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Growth in Republic's GDP set to exceed 6% this year

The view from Dublin

By Brendan Keenan

Published 17/11/2015

Brendan Keenan
Brendan Keenan

"And faded through the brightening air."

Recent talk about Ireland's recovery - and whether there is one - brought to mind Yeats' description of the vision of the wandering Aengus.

The air is certainly brightening. The most recent official forecast - that of the EU Commission - was happy to accept that growth in the output of goods and services (GDP) might exceed 6% this year.

Even more remarkably, it's forecast for national income (GNI), widely regarded as a better measure for the Irish economy, is for growth of 8%. No wonder Brussels' statisticians took a benign view of October's jolly Budget. The troika, along with others, will express concern, but is there anything to be concerned about?

Unemployment continues to fall and tax revenues pour into the Government coffers. These easily-measured events have become more important as other figures become ever more difficult to interpret. But even they have their complications. There is, for instance, the unexpected €2bn (£1.4bn) in corporation tax receipts. No one seems to know where it came from, and certainly not whether it will last.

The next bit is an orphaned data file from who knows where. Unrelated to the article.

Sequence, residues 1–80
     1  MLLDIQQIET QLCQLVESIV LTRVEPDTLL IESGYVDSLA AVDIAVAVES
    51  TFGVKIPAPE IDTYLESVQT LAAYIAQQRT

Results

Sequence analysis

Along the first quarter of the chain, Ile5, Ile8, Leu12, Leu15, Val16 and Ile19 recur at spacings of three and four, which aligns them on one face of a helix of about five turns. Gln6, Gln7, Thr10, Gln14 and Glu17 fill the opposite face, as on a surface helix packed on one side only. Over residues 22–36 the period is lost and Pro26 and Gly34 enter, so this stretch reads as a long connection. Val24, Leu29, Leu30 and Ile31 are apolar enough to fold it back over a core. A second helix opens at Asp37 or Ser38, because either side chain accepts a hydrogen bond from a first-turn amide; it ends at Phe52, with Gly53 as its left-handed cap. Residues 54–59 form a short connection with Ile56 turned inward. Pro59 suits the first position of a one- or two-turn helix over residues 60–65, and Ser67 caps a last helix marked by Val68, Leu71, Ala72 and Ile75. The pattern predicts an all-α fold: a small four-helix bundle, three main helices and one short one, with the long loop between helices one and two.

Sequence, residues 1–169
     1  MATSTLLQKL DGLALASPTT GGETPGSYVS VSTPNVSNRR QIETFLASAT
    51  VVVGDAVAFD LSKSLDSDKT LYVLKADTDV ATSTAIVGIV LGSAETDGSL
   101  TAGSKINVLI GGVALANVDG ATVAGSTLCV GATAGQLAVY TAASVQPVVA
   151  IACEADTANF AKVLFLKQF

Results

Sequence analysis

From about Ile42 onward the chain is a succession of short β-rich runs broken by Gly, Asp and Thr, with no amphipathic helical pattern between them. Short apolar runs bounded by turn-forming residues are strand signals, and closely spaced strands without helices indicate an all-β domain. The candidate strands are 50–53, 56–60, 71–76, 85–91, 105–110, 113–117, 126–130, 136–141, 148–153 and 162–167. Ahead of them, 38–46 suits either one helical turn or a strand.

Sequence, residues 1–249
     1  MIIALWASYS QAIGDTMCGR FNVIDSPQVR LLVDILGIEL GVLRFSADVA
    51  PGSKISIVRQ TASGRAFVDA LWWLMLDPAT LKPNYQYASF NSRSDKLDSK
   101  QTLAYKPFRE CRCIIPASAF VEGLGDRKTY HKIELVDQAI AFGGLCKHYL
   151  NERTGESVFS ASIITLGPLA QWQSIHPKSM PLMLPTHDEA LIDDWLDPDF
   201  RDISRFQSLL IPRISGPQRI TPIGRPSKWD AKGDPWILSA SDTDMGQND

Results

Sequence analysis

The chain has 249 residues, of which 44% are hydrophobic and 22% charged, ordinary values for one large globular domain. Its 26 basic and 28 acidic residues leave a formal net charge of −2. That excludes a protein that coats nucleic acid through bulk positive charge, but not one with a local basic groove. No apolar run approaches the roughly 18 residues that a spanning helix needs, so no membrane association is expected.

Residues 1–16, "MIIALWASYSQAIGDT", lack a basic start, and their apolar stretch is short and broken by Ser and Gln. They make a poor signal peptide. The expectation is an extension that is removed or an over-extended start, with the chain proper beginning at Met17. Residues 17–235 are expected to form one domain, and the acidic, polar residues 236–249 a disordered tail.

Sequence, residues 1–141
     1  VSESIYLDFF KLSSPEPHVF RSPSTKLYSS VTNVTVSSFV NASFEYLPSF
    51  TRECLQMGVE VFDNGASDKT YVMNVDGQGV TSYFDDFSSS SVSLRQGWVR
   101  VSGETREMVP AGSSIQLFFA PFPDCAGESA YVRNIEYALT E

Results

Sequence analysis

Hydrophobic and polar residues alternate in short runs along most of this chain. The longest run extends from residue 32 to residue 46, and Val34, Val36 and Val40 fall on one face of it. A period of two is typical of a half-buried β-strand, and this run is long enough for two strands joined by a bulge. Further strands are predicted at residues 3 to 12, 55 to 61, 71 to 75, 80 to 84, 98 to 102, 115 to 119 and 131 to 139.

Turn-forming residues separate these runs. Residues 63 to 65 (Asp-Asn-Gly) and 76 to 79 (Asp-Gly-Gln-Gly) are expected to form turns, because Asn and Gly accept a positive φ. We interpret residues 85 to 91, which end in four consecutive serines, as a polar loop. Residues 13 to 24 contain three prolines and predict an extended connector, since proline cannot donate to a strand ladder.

Those complications may be the source of the sense that, like the vision, it is all something of a chimera, however bright the air. One difficulty is that growth rate. It just seems too good to be true. That may not be entirely the case but is it too good to last?

During the recession, one worried that recovery, if and when it came, would be disappointing compared with the spectacular growth in the boom, and peter out from lack of confidence. Instead, we have growth which matches those heady days but confidence has been slow to improve. The recovery is real enough, but some things about it are odd.

I gave the full definition of GDP because growth is a slippery concept. Comparing a situation with 12 months ago - which is what "growth" usually means in these cases - is a useful exercise but it has its limitations. In particular, it does not tell you anything about the actual situation last year and now - only the change.

That matters when it is a cyclical recovery - output picking itself up off the floor and dusting itself down after a fall.

Growth can be quite spectacular in those circumstances but still leave firms short of what they could make and sell if they had the customers.

Belfast Telegraph

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